Monday, April 24, 2006

Rollback done!

Today, Monday, April 24, 2006, I finished final revisions on my seventeenth novel, Rollback. I started the book on Monday, May 16, 2005 (just shy of one year ago), and did a total of six drafts. Unusually for me, the book got shorter as time went on -- I cut 10,000 words while preparing the fourth draft.
  • First draft Friday, November 18, 2005: 93,857 words
  • Second draft Monday, November 28, 2005: 94,823 words
  • Third draft Wednesday, December 14, 2005: 94,668 words
  • Fourth draft Monday, January 16, 2006: 84,678 words
  • Fifth draft Sunday, February 26, 2006: 83,858 words
  • Sixth draft Monday, April 24, 2006: 84,007 words

Analog will serialize the whole novel starting in its October 2006 issue (on sale August 1st), and Tor will publish the book in hardcover in eleven months' time (the official pub date is April 1, 2007).

As I said, Rollback is my 17th novel. In additon, I've edited four anthologies and done three collections of my shorter work (the third of which will be published next year), so this means I've now finished my 24th book.


At April 25, 2006 8:00 AM , Anonymous Anonymous said...

Idiotic question.
What do you consider a draft?
Since you went from 1st to 2nd in just ten days, I can't imagine that was a full "stick-draft-one-in-a-drawer-and-write-two" sort of draft. I've been encouraged by at least one story editor to do that with scripts. But I don't think it would work as well with a novel.


At April 25, 2006 8:50 AM , Blogger RobertJSawyer said...

Yeah, "drafts" are tricky to define in the word-processing era. For me, the first draft is done when I've got all the scenes I initially think I need for the novel written and in rough sequence.

Subsequent drafts are actually printed out, and read through by at least one person who isn't me, so that I get feedback (for the first draft, it was just two people; for the second draft, it was 13 people; for the third draft, just my wife and editor; for the fourth draft, six new beta-testers; for the fifth draft, my editor at Tor again, plus the editor of ANALOG). At the very least, a draft represents a full top-down edit, but often there's much more work to be done, and I do it.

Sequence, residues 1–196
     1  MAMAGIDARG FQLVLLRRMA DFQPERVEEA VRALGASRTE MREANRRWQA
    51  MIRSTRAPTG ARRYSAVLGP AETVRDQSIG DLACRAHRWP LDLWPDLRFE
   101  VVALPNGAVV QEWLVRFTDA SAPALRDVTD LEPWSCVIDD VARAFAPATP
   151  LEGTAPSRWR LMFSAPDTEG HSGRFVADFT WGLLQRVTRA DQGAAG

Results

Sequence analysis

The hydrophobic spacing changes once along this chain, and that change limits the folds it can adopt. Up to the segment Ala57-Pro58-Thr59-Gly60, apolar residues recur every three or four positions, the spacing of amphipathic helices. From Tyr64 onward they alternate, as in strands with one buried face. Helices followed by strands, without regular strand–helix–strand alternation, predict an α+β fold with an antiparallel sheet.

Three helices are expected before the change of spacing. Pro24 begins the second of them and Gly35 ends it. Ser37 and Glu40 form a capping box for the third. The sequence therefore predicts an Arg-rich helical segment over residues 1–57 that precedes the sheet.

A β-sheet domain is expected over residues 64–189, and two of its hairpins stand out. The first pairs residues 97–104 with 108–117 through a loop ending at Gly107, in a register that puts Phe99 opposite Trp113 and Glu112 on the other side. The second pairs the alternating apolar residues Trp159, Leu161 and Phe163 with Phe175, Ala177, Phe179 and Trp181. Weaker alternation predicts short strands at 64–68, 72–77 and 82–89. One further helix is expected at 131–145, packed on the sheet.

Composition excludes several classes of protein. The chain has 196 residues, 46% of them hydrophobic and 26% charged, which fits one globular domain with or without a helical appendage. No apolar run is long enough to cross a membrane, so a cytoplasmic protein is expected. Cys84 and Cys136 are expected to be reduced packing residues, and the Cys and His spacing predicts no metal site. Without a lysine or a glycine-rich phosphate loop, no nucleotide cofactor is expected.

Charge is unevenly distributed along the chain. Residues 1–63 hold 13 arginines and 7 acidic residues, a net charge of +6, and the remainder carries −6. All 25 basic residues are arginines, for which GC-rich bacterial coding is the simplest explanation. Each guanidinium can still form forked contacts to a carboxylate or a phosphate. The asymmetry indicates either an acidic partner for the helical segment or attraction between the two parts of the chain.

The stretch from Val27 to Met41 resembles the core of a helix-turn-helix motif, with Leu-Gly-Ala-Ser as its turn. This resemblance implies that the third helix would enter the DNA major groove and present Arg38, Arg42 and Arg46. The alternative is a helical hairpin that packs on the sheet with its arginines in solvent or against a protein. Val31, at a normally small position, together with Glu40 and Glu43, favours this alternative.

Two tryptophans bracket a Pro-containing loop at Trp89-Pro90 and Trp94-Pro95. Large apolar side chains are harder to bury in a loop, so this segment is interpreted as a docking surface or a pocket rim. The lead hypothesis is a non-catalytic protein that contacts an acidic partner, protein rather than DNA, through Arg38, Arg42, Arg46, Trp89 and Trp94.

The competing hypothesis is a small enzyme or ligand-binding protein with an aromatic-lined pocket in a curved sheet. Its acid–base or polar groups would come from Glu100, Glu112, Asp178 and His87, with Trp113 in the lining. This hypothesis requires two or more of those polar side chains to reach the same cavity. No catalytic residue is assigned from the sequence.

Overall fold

I'm very slow at doing the first draft, but I'm a speed-demon once I've actually got material to work with. Ten days is an enormous amount of time (eighty hours at the keyboard, more or less), and a lot of good work can be done in that amount of time.

At April 25, 2006 9:43 AM , Blogger E.Jim Shannon said...

I can barely get in 10k a week. But then again I'm struggling with diabeties, scoliosis, an eye floater that bugs the heck out of me, a job I hate a wife I love pushing 55. All things considering I can still get a 100k draft done in 10 weeks.
Your last blog entry suggests anything but being slow.
Like the first poster above I also have a question and I don't mean to pry but how many words did Mindscan come in at?

I just finnished the book. Really enjoyed it. Not enough first person novels done these days.

e. Jim

At April 25, 2006 9:50 AM , Blogger RobertJSawyer said...

And MINDSCAN has TWO first-persons for the price of one! :)

MINDSCAN is 104,000 words long.



At April 25, 2006 6:29 PM , Blogger E.Jim Shannon said...


I haven't had the good fortune yet to attend any of your writing classes. I'm really week on writing scene and sequel. Do you have any articles on your site about this?

My recent first draft came in at just around 85,000 words. I edited and rewrote cut the crap out of it and when I found out about scene and sequel. I realized I'm going to have to rewrite the whole book over again. I'm okay with this but am left wondering about the structure of scenes.

Care to offer any quick advice?



At April 25, 2006 6:36 PM , Blogger RobertJSawyer said...

Hi, e.jim. I haven't addressed the process of constructing scenes on my website, but my advice is that structure is hugely important (in fact, one of the biggest changes I made between drafts 5 and 6 in ROLLBACK was structural -- moving stuff around so that the sequence worked better). It doesn't hurt to sit down and ask yourself exactly how the parts interrelate; I did that for my novel FRAMESHIFT here.

At April 25, 2006 9:16 PM , Blogger E.Jim Shannon said...

Thankyou for the generous reply.

I don't think I have too much difficulty with story structure as I use the 3 act play format. It's more structure with scenes and how they are laid out I have trouble with. I.e. scene and sequel as in Swain's, which I need to get a copy of. I've seen other SF authors use the scene sequel technique



At April 27, 2006 3:05 AM , Blogger Ryan Oakley said...


My drafts always get shorter. I love to cut and rewriting in general.

At April 28, 2006 2:22 PM , Blogger cbcworkerbee said...

Looking forward to it, Rob. Congrats on finishing it.


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